The great contribution of western civilization is the notion that the power of government must be constrained by laws.
This doesn’t mean that all laws (or even most laws) are good. But, as explained in this video, if the choice is between the “rule of man” (the arbitrary and capricious exercise of power) and the “rule of law,” there’s no contest.
And it’s why some people get very upset when, for instance, the Obama Administration chooses to unilaterally change – or simply chooses to not enforce – certain laws that are inconvenient to the President’s agenda.
Here’s how the WJP describes the importance of the rule of law.
“Effective rule of law reduces corruption, combats poverty and disease, and protects people from injustices large and small. It is the foundation for communities of peace, opportunity, and equity – underpinning development, accountable government, and respect for fundamental rights. … The Index is the world’s most comprehensive data set of its kind and the only to rely solely on primary data, measuring a nation’s adherence to the rule of law from the perspective of how ordinary people experience it. These features make the Index a powerful tool that can help identify strengths and weaknesses in each country, and help to inform policy debates, both within and across countries, that advance the rule of law.”
And here’s a map showing the 113 nations that are included in the rankings.
All you need to know is that it’s good to be light-colored and bad to be dark-colored (though the map is a bit confusing since nations that aren’t ranked – much of Africa, for instance – also appear as light-colored).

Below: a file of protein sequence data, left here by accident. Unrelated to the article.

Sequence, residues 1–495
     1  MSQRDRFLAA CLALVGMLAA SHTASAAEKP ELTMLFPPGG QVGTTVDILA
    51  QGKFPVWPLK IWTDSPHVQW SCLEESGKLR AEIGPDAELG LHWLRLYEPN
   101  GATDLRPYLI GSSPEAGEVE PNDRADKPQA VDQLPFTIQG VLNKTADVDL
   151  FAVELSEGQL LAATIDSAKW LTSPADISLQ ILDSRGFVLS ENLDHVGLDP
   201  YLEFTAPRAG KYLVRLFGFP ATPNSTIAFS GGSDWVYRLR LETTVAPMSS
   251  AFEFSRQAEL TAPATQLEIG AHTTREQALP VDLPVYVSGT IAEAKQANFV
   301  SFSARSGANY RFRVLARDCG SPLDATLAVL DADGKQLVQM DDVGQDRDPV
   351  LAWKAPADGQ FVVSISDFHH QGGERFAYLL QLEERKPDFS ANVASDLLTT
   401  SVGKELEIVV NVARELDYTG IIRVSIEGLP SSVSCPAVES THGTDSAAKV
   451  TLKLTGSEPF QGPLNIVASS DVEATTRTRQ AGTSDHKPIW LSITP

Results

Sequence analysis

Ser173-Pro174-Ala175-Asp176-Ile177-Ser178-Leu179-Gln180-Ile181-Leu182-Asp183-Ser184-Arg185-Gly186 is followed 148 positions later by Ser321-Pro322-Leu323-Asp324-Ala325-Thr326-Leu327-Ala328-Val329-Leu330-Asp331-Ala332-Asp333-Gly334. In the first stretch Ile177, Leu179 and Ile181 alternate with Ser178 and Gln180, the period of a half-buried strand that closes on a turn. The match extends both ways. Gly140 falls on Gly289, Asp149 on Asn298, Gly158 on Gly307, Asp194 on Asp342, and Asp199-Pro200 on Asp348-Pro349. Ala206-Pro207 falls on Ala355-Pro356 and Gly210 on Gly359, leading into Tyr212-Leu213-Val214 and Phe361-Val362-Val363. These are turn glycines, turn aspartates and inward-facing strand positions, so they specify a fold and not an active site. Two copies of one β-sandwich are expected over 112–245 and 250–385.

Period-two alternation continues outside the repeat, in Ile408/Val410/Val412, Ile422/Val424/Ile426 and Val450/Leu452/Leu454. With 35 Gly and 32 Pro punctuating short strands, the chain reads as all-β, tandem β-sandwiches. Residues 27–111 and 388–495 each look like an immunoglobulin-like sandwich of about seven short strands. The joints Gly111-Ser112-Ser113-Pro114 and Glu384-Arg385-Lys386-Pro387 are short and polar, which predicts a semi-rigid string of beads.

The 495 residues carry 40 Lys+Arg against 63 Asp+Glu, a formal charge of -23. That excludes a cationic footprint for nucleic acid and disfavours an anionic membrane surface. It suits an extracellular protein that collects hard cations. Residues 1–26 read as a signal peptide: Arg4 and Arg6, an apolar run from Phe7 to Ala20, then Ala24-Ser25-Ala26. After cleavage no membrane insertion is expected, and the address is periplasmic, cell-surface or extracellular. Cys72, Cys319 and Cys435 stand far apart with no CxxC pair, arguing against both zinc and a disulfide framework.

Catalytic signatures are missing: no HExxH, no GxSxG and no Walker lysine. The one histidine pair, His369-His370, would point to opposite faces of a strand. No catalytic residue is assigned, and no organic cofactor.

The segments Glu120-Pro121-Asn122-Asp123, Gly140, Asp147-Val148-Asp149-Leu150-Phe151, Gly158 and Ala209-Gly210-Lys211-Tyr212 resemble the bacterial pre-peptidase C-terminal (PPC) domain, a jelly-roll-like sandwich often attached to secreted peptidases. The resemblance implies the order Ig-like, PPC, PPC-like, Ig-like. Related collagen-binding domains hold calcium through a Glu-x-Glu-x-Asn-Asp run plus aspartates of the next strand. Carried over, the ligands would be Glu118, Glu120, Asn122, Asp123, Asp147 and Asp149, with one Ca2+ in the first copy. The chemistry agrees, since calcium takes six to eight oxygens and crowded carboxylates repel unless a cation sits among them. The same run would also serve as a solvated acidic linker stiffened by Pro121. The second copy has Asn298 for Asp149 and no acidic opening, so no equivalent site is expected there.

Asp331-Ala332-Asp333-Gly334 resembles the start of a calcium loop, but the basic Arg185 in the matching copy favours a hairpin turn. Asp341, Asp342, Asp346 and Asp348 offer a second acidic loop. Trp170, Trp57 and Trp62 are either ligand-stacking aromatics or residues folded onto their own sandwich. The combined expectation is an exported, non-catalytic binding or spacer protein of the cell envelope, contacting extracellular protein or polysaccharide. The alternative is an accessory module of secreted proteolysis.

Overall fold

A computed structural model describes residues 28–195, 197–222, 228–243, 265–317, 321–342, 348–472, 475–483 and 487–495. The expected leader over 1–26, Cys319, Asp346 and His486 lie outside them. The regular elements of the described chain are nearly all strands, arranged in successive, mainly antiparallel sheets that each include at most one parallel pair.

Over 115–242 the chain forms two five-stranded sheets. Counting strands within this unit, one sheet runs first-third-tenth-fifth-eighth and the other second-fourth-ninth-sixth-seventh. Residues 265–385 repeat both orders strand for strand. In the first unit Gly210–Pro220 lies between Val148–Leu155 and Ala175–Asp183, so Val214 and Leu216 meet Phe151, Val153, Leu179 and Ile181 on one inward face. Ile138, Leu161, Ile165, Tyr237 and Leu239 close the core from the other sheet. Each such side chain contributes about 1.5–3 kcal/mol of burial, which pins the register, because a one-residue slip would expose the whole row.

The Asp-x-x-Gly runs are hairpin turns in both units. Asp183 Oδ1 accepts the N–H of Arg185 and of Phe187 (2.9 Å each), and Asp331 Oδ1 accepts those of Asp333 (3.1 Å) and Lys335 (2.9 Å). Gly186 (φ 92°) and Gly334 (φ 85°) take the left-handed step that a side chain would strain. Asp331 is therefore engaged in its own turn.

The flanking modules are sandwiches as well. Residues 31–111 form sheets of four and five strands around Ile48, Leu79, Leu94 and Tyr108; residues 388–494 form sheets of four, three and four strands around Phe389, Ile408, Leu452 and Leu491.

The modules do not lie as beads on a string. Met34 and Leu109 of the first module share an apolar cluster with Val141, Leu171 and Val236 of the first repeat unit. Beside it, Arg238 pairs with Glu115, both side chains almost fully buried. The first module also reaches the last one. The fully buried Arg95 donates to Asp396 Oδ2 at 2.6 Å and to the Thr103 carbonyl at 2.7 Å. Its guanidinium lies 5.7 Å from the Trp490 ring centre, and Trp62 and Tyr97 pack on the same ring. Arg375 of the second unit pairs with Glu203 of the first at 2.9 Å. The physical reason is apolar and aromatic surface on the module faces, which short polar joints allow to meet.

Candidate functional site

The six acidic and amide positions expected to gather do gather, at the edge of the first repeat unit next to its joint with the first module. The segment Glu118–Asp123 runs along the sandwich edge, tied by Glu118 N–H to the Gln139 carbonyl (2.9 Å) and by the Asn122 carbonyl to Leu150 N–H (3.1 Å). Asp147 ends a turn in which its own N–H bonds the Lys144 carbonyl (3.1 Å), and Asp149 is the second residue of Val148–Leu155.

One of the obvious conclusions is that the western world (Europe, North America, some nations in the Pacific Rim) does the best on protecting, observing, and maintaining the rule of law.
Simply stated, western civilization is superior.
What’s immediately apparent, if you look at the ranking of high-income nations, is that Nordic nations score very well. This is one of the reasons, I’ve explained, that they have a higher ability to tolerate and endure a large welfare state.
Germanic and Anglo-Saxon nations win the proverbial silver and bronze medals.
Let’s close by taking a closer look at the data for the United States.
Among high-income nations, America gets a decent score, but it’s nothing to celebrate. Indeed, we actually do poorly when compared to other Anglo-Saxon jurisdictions.
In the above excerpt, I included the list of eight categories that are used to rank nations. Now let’s look at how America scores in those areas.
At the risk of oversimplifying, we do well in two areas. There are reasonably strong constraints on government powers and a reasonable degree of openness and transparency.
On the other hand, we don’t do very well (particularly when compared to other high-income nations) for areas related to the judicial system.
P.S. Is anybody surprised that Venezuela is in last place? Though I suppose I should repeat my caveat from earlier in the month that hellholes such as Cuba and North Korea would probably rank lower if they were included in the rankings.
Daniel J. Mitchell is a top expert on tax reform and supply-side tax policy at the Cato Institute. Mitchell is a strong advocate of a flat tax and international tax competition.